A 100-page book with 24 colour plates, and black and white illustrations, published in conjunction with the exhibition, by exhibition curator, Penelope Jackson.
Edward Bullmore was born in Southland, attended Balfour School and Christchurch Boys’ High School before attending the Canterbury University College School of Art. Having taught at Tauranga Boys’ College he left for Florence and London. A decade later saw him back at Rotorua teaching at Boys’ High School. He died at the age of 45 years.
Edward Bullmore is considered to be one of New Zealand’s earliest Surrealist visual artists. Inspired by the subconscious, Surrealism does not set out to mimic nature but rather to depict explorations of the mind. The real world is removed from the artist through the subconscious, though subjects often have origins in the real and existing world. Unlike realism, Surrealism has nuances of ambiguity resulting in different interpretations for viewers.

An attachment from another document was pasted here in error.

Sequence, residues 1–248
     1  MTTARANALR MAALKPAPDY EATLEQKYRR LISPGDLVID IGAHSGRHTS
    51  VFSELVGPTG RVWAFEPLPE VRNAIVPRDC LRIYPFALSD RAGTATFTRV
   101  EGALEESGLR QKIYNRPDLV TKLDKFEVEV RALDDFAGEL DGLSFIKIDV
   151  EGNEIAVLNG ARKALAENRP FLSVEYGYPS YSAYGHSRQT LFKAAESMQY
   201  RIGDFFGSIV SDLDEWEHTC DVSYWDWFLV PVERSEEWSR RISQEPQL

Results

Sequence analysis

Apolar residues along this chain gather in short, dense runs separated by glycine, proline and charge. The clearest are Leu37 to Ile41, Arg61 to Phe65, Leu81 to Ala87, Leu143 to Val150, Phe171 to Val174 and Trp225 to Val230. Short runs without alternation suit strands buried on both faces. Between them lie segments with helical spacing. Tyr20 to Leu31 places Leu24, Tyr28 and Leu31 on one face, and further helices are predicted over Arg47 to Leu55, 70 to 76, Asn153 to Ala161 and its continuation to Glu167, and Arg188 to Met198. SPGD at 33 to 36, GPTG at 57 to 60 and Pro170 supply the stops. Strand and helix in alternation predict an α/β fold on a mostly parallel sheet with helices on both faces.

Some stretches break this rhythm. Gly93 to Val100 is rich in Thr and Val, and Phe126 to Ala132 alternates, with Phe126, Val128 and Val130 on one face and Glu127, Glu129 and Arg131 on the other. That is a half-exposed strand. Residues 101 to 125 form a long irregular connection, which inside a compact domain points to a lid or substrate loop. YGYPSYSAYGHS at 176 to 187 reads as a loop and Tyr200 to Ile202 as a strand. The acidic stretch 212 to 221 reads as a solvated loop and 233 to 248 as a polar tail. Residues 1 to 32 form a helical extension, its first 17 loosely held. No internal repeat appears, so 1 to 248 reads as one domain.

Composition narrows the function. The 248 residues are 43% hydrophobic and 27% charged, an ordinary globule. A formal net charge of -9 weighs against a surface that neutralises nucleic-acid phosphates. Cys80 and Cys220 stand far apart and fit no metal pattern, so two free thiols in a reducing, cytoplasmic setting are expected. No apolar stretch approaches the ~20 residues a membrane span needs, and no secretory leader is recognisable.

A style not in keeping with New Zealand’s predominant nationalism, Surrealism has not been traditionally included in New Zealand’s recorded art history.
Though Bullmore was often inspired by the land, the very core to New Zealand’s art canon, his work manifested itself in a more ‘international’ manner. Fusing together the landscape and the human figure, Bullmore evolved a very personal vision of New Zealand.
A close affiliation with the land, both at home and abroad, Bullmore’s subjects often derived through his subconscious, were best manifested in a Surrealist style. His awareness of Surrealism was consolidated in London. In the 1960s, London, unlike New Zealand, was very accepting of radical and erotic art.
In the 1960s up to the 1990s New Zealand had little compassion or compulsion to include Surrealism in its collective art psyche. Edward Bullmore A Surrealist Odyssey seeks to redress the neglect of this significant New Zealand artist.